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Old 02-20-2012, 07:48 PM
Fear Itself Fear Itself is offline
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Hook-and-ladder fire trucks: What were the hooks for?

On a recent episode of Pawn Stars, a claim was made that hook-and-ladder fire trucks originally carried hooks that were used to pull down burning buildings, which conveniently had rings to attach the hooks to, which were then pulled by a team of horses until the building collapsed.

Sounds like a contrived explanation to me. What kind of hooks did hook and ladder trucks carry, and what were they used for?
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Old 02-20-2012, 07:59 PM
Idle Thoughts Idle Thoughts is offline
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Not sure if they were thinking/talking about the old hook ladders that firemen used to use to climb tall buildings in the days before the automatic ladder...but they used to use these things.

They'd hook it on a window ledge, climb up the rungs to it, then pull it up and repeat the process with the window above it.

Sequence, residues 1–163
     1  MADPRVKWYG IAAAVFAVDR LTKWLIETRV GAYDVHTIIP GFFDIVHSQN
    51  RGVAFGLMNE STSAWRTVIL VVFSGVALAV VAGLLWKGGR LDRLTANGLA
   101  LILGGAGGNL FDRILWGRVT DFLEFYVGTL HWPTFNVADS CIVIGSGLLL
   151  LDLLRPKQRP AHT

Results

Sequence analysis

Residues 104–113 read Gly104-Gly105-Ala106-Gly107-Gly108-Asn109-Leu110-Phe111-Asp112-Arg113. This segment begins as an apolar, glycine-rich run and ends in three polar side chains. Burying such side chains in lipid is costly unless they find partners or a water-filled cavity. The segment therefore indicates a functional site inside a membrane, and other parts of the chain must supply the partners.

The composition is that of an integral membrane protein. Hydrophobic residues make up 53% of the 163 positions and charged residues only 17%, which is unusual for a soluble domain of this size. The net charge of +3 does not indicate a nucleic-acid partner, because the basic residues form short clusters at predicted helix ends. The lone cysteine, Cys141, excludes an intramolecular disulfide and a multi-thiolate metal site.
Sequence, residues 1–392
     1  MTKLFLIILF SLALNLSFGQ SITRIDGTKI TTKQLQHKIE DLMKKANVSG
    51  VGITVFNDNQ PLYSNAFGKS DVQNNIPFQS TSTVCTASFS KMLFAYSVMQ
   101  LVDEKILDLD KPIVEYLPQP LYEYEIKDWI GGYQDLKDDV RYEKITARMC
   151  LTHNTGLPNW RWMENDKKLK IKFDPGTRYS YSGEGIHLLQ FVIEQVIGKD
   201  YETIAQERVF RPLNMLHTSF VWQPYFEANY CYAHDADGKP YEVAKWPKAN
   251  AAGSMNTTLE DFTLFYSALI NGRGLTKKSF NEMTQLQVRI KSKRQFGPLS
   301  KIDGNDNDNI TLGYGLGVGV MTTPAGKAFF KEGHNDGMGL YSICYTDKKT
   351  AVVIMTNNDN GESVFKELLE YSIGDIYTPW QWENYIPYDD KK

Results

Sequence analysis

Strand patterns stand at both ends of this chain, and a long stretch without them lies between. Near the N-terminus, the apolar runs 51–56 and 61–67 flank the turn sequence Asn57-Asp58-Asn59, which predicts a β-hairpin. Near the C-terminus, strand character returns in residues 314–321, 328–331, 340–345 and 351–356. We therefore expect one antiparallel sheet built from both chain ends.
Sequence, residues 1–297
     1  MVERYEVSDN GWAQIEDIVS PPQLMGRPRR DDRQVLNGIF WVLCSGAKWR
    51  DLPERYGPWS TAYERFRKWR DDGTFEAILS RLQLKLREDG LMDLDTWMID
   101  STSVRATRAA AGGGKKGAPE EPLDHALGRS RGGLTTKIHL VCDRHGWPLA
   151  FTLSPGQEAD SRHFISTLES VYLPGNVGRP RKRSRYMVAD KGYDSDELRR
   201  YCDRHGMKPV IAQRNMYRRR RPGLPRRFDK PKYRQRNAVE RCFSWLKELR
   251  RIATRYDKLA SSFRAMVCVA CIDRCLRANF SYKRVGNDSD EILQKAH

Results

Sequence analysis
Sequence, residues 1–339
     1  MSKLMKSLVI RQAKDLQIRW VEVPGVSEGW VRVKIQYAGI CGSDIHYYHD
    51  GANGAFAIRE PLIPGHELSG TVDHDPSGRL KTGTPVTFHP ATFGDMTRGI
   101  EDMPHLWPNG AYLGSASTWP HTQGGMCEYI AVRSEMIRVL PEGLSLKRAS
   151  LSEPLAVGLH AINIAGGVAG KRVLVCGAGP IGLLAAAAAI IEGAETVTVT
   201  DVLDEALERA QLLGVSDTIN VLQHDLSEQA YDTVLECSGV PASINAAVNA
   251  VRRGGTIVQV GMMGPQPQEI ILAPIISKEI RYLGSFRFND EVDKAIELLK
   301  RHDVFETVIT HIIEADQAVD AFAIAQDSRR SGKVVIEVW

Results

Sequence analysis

But it sounds like the Pawn Stars were talking about something completely different that I'd never heard of.
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Old 02-20-2012, 08:08 PM
Digital is the new Analog Digital is the new Analog is offline
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I read an article recently about old style houses that were built to fold into themselves if you pulled on one of the walls in a certain way..in case of fire. It would help contain the blaze so the whole town didn't burn down. Maybe the hook was the way to make that happen?

-D/a
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Old 02-20-2012, 08:13 PM
Morelin Morelin is offline
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Grabbing roof tiles, shingles, and other stuff off the roof of burning buildings and to create holes in the top of the roof(once the fire is properly contained to allow water in from above). Also to poke at the ground ahead to see if it was strong enough to walk on or just rubble.
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Old 02-20-2012, 08:23 PM
johnpost johnpost is offline
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Originally Posted by Digital is the new Analog View Post
I read an article recently about old style houses that were built to fold into themselves if you pulled on one of the walls in a certain way..in case of fire. It would help contain the blaze so the whole town didn't burn down. Maybe the hook was the way to make that happen?

-D/a
balloon framing might pull apart easier. they also burn much easier.